# ¶ Normalization

One way of deciding an equational theory is through normalizing its terms.

Take any equational theory with judgments of the form

$\mathrm{\Gamma }⊢M=N:\tau \Gamma \vdash M = N : \tau$

This judgment states that the terms $MM$ and $NN$, which are both of type $\tau \tau$, are equal. The context $\mathrm{\Gamma }\Gamma$ may contain typing assumptions, e.g. of the form $x:\sigma x : \sigma$, which are needed to infer that $MM$ and $NN$ have type $\tau \tau$. Thus, the terms $MM$ and $NN$ can be open, i.e. have free variables. This kind of judgment subsumes most type theories, e.g.

Given terms $\mathrm{\Gamma }⊢M:\tau \Gamma \vdash M : \tau$ and $\mathrm{\Gamma }⊢N:\tau \Gamma \vdash N : \tau$, we would like an algorithm that decides whether the judgment $\mathrm{\Gamma }⊢M=N:\tau \Gamma \vdash M = N : \tau$ is derivable in this equational theory. One way to do so is to normalize the terms of the calculus: we do so by mapping every term to some mathematical object that canonically represents its equivalence class under equality. Deciding whether $MM$ is equal to $NN$ then amounts to computing whether $MM$ and $NN$ are mapped to the same representative.

We can capture this axiomatically. Let

${\mathsf{T}\mathsf{m}}_{\tau }\left(\mathrm{\Gamma }\right)=\left\{M\mid \mathrm{\Gamma }⊢M:\tau \right\}\mathsf\left\{Tm\right\}_\tau\left(\Gamma\right) = \\left\{ M \mid \Gamma \vdash M : \tau \\right\}$

be the set of terms of type $\tau \tau$ in context $\mathrm{\Gamma }\Gamma$. Moreover, let ${\mathsf{N}\mathsf{f}}_{\tau }\left(\mathrm{\Gamma }\right)\mathsf\left\{Nf\right\}_\tau\left(\Gamma\right)$ be an abstract set of "normal forms" in context $\mathrm{\Gamma }\Gamma$. A normalizer is then a collection of functions

$\left\{{\mathsf{\text{nf}}}_{\mathrm{\Gamma },\tau }:{\mathsf{T}\mathsf{m}}_{\tau }\left(\mathrm{\Gamma }\right)\to {\mathsf{N}\mathsf{f}}_{\tau }\left(\mathrm{\Gamma }\right){\right\}}_{\mathrm{\Gamma },\tau }\\left\{\textsf\left\{nf\right\}_\left\{\Gamma, \tau\right\} : \mathsf\left\{Tm\right\}_\tau\left(\Gamma\right) \to \mathsf\left\{Nf\right\}_\tau\left(\Gamma\right)\\right\}_\left\{\Gamma, \tau\right\}$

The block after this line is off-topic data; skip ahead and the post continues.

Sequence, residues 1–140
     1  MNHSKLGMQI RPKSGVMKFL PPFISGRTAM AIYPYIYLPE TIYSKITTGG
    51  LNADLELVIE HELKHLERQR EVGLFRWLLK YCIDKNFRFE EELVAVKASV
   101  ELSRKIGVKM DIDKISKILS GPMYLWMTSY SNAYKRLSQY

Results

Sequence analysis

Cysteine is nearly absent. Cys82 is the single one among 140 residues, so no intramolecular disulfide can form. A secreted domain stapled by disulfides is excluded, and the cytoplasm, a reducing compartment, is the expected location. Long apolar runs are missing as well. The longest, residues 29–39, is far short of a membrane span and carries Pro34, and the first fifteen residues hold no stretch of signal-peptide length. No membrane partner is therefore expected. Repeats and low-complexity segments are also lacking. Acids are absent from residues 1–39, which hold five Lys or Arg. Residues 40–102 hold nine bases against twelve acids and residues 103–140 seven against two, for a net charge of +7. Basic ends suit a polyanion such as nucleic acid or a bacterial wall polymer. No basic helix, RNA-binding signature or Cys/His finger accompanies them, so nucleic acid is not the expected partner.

which map each term $\mathrm{\Gamma }⊢M:\tau \Gamma \vdash M : \tau$ to a normal form, such that

where $\equiv \equiv$ refers to syntactic identity (possibly up to $\alpha \alpha$-equivalence).

That is: to decide whether two terms are equal, it suffices to compute their normal forms, and check if they are syntactically identical. This is computable precisely when (a) computing the normal forms, and (b) deciding their equality is.

If the normal forms are a subset of terms, i.e. if ${\mathfrak{N}}_{\tau }\left(\mathrm{\Gamma }\right)\subseteq {\mathfrak{L}}_{\tau }\left(\mathrm{\Gamma }\right)\mathfrak\left\{N\right\}_\tau\left(\Gamma\right) \subseteq \mathfrak\left\{L\right\}_\tau\left(\Gamma\right)$, the following axioms suffice:

1. Preservation of equational theory.
2. Equality with normal form. If $\mathrm{\Gamma }⊢M:\tau \Gamma \vdash M : \tau$ then $\mathrm{\Gamma }⊢M={\mathsf{\text{nf}}}_{\mathrm{\Gamma },\tau }\left(M\right):A\Gamma \vdash M = \textsf\left\{nf\right\}_\left\{\Gamma, \tau\right\}\left(M\right) : A$.
3. Idempotence. If $M\in {\mathfrak{N}}_{\tau }\left(\mathrm{\Gamma }\right)M \in \mathfrak\left\{N\right\}_\tau\left(\Gamma\right)$ then $M\equiv {\mathsf{\text{nf}}}_{\mathrm{\Gamma },\tau }\left(M\right)M \equiv\textsf\left\{nf\right\}_\left\{\Gamma, \tau\right\}\left(M\right)$.